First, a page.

I just added a Trans cooler to the front of my AC Condenser using rubber shims to keep it off of it just enough and I plan on doing this same method with the oil cooler when the time comes. I bought mine for $50 each. Not such a bad deal, and with running it up that far you also get added Volume that will increase its efficiency in cooling (if you are that worried about it. I am going to mount them both at the top portion of the Condenser that way the it give the coolant time to cool by the time it goes thru the lower hose. Just my .02
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  #41  
Old 08-19-2014, 11:21 PM
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A thermostatic bypass would be good in some climates.

You want the oil to get up to operating temp as quick as possible.

Having a cooler can never hurt when you need it.
Having one that fails can be disastrous.
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  #42  
Old 08-20-2014, 11:17 PM
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Quote:
Originally Posted by ArdWrknTrk View Post
Why not put it behind?
How could that be any hotter than the oil to water cooler you have now?

My fan sits st least 3" back in the shroud.
Am I understanding your oil cooler to be mounted between radiator and fan? It would require the cooler to be small enough to sit inside the diameter (round portion) of the fan shroud, correct? The shroud is, what, maybe 4" deep at the circular area? Is the cooler mounted against radiator or just off of it?
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  #43  
Old 08-21-2014, 11:54 AM
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Quote:
Originally Posted by trhatha View Post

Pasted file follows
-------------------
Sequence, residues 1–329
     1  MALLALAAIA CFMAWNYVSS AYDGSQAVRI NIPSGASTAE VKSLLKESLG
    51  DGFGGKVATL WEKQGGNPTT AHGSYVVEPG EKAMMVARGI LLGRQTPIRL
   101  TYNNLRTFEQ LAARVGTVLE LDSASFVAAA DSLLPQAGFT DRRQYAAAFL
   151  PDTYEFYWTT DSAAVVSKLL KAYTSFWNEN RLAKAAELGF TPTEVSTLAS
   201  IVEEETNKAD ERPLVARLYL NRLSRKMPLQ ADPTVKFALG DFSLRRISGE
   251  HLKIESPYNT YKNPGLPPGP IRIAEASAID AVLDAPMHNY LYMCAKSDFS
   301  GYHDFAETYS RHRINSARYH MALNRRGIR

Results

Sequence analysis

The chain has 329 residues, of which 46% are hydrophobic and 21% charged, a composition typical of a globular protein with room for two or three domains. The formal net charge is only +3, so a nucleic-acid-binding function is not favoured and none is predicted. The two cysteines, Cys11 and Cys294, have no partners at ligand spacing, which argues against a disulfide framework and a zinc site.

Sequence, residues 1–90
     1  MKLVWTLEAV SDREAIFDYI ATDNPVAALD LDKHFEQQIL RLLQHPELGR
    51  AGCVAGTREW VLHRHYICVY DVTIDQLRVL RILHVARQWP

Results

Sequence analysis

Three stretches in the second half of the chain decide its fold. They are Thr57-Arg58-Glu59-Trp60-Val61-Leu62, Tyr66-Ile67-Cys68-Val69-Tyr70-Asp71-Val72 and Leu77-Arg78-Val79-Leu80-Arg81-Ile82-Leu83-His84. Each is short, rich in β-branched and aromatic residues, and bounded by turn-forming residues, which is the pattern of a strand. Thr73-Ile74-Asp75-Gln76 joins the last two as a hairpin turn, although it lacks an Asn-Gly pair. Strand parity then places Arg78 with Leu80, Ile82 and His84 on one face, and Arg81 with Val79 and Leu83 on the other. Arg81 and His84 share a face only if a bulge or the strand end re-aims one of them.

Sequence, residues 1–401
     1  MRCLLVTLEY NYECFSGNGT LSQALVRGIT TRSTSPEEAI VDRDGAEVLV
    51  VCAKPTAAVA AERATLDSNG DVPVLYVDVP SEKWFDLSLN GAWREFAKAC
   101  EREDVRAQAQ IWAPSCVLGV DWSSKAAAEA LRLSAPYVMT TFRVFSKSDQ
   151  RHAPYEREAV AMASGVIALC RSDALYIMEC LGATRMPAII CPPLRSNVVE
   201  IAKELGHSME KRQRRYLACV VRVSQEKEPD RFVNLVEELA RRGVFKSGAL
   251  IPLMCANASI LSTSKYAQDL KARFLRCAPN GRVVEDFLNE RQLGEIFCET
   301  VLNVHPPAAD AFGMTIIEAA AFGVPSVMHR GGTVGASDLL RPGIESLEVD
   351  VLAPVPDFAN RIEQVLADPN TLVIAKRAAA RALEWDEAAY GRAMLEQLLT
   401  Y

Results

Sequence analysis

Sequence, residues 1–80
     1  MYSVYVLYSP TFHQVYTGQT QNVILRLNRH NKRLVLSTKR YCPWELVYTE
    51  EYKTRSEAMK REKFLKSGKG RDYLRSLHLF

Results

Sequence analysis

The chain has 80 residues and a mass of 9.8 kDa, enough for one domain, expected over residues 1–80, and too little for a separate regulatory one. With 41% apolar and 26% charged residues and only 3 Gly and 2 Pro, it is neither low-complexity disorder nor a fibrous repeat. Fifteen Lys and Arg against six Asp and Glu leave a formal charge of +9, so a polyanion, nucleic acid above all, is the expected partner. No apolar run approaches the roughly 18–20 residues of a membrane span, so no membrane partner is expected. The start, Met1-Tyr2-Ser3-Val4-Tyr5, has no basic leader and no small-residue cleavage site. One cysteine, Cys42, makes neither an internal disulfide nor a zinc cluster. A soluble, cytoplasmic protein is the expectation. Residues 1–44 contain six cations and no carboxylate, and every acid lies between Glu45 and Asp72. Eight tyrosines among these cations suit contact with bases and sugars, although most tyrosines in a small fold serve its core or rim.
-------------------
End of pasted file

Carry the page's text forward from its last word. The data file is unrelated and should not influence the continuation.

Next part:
After thinking about this, I can;t imagine having to take the timing cover off and replace related gaskets, including oil pan seal....just to replace water pump? Am I correct?Click the image to open in full size. Click the image to open in full size.
Thats was my question earlier in this thread. Someone stated that if the timing cover is disturbed, it can leak after a water pump replacement.

This is why I decided to leave my water pump alone (I even have a new one ready to go) since it is not leaking.

I have no real experience with the removal of the water pump and alum backing plate behind it (Timing chain cover) so I don't know all that is involved with gaskets, rubber oil seals, and lowering of oil pan to replace rubber seal
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  #44  
Old 08-21-2014, 12:34 PM
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Quote:
Originally Posted by trhatha View Post
After thinking about this, I can;t imagine having to take the timing cover off and replace related gaskets, including oil pan seal....just to replace water pump? Am I correct?Click the image to open in full size. Click the image to open in full size.
You do not need to take off the timing cover to change the water pump, unless...

As described earlier, it's not uncommon for water pump bolts, which go through the timing cover into the block, to be stuck in the timing cover, even to the point where they break off. If / when that happens you usually need to take the timing cover off to get the broken bolts out.
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  #45  
Old 08-21-2014, 09:46 PM
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Quote:
Originally Posted by SoCalAngler View Post
Am I understanding your oil cooler to be mounted between radiator and fan? It would require the cooler to be small enough to sit inside the diameter (round portion) of the fan shroud, correct? The shroud is, what, maybe 4" deep at the circular area? Is the cooler mounted against radiator or just off of it?
I needs to be just off the rad a little regardless of whether it's in the front of or on the back of the rad by using rubber spacers to avoid contact between the two. They make mounting kits that are plastic pieces that go between the fins and include rubber pads and fastening devices. They are made primarily for electric fans, but are strong enough for most coolers.
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Old 08-21-2014, 09:46 PM